Semagle

PassCard - create stories instead of passwords

The idea of PassCard was born from the frustration with password management solutions. Technology should make our lives easier and better, and pervasive online services help us greatly, but we do not feel free anymore. Each time we read an email on parents’ notebooks or pay in the store with another card, we need to check our phones or write down passwords on a piece of paper. Internet services and local network administrators require long passwords with letters, numbers, and special symbols. Moreover, you must regularly change the password due to password hash leaks and automatic security policies. You cannot...

Simple DSL for Logging in F#

Sooner or later printfn style of logging becomes too cumbersome and you start to search for a logging library. For F# developers the most obvious choice is Logary, but very soon you find out that your Logary logging code is even less readable. In this article you will find F# tricks, which helped me to create a neat abstraction for logging in Semagle Framework. Logary is perfect for libraries because it does not require you to reference Logary library. You only need to add Facade.fs dependency to your paket dependencies file: github logary/logary src/Logary.Facade/Facade.fs and add a replacement target to...

Semagle F# Framework

During last 10-15 years, machine learning gradually moved from academia to industry. There are many open source frameworks like Scikit Learn, Spark MLlib and hundreds of lines of R code available for applied developers. Yet experimenting and development of machine learning algorithms remain difficult problems. Functional programming languages like Haskell, OCaml and F# have appealing semi-mathematical notation that greatly simplifies machine learning algorithms implementation, but could meet required performance restrictions. Semagle F# Framework is a successful experiment that demonstrates how to create and refine the functional code for clarity and performance, and now its code is available on GitHub. At...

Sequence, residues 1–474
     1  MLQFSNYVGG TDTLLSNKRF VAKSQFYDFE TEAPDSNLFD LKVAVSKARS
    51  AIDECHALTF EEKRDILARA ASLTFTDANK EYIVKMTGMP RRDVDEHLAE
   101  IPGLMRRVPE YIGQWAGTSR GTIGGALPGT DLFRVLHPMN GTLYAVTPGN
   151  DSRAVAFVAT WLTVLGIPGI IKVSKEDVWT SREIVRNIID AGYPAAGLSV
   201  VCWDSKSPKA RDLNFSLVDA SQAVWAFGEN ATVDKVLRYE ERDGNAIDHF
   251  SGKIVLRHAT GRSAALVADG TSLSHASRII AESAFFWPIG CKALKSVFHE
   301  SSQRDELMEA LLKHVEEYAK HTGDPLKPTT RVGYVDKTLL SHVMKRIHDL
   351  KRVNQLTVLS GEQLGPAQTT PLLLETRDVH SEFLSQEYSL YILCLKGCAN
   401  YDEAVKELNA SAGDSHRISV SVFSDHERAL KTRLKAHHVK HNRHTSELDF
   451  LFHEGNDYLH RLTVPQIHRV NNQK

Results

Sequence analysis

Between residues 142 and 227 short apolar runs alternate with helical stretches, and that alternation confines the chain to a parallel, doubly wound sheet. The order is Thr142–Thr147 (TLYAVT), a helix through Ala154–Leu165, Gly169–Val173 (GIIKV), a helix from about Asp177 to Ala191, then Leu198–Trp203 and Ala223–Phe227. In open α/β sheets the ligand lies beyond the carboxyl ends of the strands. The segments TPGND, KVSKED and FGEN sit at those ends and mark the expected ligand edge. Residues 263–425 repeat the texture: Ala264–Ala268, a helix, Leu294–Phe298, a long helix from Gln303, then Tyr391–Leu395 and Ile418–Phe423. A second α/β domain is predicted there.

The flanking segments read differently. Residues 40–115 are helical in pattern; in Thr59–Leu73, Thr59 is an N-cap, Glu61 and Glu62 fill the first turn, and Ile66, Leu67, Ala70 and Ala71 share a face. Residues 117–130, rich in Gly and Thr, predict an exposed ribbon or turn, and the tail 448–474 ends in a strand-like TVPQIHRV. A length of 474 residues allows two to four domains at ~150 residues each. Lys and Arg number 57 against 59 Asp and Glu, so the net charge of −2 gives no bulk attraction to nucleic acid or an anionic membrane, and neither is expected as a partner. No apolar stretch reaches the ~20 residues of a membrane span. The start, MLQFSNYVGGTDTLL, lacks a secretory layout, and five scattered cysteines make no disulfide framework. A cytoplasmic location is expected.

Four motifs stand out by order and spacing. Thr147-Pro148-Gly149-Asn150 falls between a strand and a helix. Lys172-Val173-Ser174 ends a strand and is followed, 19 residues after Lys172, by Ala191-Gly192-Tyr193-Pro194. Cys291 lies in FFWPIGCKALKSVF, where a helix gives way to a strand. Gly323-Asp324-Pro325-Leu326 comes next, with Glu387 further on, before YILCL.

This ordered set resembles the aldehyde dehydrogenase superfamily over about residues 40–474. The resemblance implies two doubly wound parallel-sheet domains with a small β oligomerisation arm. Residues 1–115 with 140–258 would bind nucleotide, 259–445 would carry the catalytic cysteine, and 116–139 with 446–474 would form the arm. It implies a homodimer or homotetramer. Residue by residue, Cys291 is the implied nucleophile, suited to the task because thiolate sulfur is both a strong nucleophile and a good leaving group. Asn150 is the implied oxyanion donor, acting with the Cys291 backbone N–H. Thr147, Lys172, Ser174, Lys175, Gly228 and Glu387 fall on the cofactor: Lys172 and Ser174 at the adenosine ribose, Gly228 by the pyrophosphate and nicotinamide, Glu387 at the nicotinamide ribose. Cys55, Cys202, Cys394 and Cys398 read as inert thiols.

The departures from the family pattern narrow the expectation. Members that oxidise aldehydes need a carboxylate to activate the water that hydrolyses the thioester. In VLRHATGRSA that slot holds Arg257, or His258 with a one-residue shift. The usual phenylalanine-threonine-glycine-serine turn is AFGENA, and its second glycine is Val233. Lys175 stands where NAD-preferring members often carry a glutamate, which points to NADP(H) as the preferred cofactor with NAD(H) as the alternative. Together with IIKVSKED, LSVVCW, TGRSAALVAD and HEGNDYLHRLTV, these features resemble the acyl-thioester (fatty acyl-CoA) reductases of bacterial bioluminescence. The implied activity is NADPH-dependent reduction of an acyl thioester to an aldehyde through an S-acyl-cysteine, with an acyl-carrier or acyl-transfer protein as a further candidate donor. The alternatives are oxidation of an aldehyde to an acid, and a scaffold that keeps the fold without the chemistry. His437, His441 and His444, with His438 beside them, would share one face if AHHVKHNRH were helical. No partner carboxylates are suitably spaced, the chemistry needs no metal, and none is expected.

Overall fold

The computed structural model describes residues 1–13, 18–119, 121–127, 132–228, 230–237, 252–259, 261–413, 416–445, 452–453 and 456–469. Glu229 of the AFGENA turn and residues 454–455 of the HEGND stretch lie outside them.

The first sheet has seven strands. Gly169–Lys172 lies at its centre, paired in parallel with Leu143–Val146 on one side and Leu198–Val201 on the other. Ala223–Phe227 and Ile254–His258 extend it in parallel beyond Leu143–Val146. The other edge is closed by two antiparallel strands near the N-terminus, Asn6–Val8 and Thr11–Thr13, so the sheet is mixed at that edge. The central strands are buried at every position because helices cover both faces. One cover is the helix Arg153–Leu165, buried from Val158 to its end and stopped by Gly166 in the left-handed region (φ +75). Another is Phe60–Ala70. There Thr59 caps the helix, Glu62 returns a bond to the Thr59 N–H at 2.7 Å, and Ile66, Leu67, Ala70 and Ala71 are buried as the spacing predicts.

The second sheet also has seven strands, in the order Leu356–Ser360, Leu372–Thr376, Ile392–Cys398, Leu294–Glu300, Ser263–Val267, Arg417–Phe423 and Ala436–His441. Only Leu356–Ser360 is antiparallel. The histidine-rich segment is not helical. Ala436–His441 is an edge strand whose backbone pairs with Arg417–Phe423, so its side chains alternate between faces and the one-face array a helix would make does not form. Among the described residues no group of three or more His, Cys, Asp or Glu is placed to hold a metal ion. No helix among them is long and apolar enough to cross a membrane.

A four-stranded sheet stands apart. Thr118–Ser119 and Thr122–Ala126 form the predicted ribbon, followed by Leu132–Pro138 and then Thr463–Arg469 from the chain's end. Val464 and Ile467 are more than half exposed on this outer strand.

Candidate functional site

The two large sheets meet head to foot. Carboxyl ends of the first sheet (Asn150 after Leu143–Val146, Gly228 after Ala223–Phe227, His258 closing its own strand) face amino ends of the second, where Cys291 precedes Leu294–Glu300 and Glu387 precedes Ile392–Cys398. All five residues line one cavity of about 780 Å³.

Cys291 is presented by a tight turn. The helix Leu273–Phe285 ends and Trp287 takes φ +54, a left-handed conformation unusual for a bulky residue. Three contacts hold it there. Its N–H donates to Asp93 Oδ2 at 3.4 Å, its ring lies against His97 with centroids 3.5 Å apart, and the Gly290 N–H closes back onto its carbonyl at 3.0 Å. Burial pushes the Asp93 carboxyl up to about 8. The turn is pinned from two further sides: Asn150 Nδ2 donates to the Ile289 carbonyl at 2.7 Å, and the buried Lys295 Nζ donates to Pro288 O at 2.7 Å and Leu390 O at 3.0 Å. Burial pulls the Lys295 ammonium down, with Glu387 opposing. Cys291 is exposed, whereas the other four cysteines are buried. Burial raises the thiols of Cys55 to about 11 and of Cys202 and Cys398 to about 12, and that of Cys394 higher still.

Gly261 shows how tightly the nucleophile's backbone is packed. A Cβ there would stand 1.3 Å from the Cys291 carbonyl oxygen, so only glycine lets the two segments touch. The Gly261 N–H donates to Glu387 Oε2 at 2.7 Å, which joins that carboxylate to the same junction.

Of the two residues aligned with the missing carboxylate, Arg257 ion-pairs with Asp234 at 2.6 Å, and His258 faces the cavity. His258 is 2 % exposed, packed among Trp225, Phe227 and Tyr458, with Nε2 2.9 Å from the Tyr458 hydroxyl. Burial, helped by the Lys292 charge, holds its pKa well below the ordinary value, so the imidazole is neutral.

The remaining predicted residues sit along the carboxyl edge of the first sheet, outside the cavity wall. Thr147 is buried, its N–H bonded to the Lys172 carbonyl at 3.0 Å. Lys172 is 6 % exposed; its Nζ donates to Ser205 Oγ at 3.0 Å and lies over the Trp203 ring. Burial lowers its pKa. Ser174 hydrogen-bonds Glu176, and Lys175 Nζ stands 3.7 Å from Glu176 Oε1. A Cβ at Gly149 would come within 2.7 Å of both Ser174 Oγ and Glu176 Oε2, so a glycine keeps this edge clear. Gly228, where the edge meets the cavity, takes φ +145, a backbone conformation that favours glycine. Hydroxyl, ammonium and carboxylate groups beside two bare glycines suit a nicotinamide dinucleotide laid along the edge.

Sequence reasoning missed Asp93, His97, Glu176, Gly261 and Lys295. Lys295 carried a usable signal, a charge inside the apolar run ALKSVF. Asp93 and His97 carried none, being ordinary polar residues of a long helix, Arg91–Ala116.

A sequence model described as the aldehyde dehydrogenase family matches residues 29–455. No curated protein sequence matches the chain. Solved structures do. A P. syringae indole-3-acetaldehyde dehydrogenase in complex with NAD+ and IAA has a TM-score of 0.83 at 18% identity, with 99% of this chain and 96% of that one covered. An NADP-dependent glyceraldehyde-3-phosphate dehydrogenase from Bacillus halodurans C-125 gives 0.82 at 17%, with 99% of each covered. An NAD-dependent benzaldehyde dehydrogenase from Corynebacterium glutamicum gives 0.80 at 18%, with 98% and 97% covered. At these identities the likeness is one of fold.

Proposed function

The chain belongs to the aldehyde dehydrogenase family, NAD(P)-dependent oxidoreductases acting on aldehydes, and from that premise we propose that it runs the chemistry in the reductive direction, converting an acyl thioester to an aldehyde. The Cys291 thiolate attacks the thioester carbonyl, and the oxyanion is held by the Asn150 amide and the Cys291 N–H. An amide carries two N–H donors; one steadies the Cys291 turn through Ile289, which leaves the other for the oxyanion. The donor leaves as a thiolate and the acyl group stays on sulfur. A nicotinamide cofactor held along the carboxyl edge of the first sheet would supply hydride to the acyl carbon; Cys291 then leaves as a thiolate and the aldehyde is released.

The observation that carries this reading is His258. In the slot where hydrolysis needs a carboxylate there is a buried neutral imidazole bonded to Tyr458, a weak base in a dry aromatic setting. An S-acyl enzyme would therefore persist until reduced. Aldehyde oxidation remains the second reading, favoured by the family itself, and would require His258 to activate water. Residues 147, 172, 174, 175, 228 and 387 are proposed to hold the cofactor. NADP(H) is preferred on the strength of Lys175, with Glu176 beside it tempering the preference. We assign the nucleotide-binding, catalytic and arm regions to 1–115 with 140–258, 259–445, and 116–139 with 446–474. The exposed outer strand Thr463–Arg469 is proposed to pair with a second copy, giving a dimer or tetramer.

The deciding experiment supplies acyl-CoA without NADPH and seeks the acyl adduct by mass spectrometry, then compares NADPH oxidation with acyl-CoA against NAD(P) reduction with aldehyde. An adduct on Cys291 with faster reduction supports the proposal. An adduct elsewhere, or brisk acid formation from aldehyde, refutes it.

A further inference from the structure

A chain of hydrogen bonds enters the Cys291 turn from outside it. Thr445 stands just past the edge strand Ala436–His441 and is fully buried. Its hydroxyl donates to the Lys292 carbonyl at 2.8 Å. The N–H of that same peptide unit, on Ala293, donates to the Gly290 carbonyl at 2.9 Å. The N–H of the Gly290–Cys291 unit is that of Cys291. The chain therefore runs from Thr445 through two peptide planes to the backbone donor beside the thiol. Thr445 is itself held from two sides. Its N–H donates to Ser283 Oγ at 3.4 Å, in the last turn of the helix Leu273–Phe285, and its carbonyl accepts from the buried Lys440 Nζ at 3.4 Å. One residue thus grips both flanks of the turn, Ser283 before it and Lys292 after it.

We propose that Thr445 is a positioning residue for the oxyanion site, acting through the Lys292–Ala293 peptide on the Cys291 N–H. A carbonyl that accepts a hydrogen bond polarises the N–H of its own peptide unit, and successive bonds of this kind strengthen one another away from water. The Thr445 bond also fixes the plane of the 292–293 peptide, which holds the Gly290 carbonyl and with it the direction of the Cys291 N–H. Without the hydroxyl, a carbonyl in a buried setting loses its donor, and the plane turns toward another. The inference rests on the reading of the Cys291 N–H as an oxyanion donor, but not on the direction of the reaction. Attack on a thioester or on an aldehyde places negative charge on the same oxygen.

Optimization of F# implementation of SVM

The post “SVM Classification in F#” shows how fast is to implement SVM classification and Sequential Minimal Optimization (SMO) method in F#, but it doesn’t show how fast is the F# implementation. Unfortunately, the performance of that code is too small for practical applications. Apparently, there are intrinsic limitations of the .Net execution model and Mono virtual machine, which prevent to achieve a native code performance, and this overhead needs to be estimated. However, the main factor is the computational complexity of the implementation, and this problem can be solved. Setup LIBSVM provides the collection of datasets a1a, …, a9a...

SVM Classification in F#

Support Vector Machines (SVMs) is a very popular machine learning method for classification, regression, distribution estimation, etc. Exceptional feature of this method is an ability to handle objects of a diverse nature as soon as there is a suitable kernel function. Nonetheless, popular software libraries like LIBSVM 1 and SVMlight 2 are designed for vector data and it is hard to adopt them for other object types. The F# implementation seems to be promising in terms of readability and extensibility. Readability and extensibility quite often are the opposite measures of the software design. Increasing one of them leads to decreasing...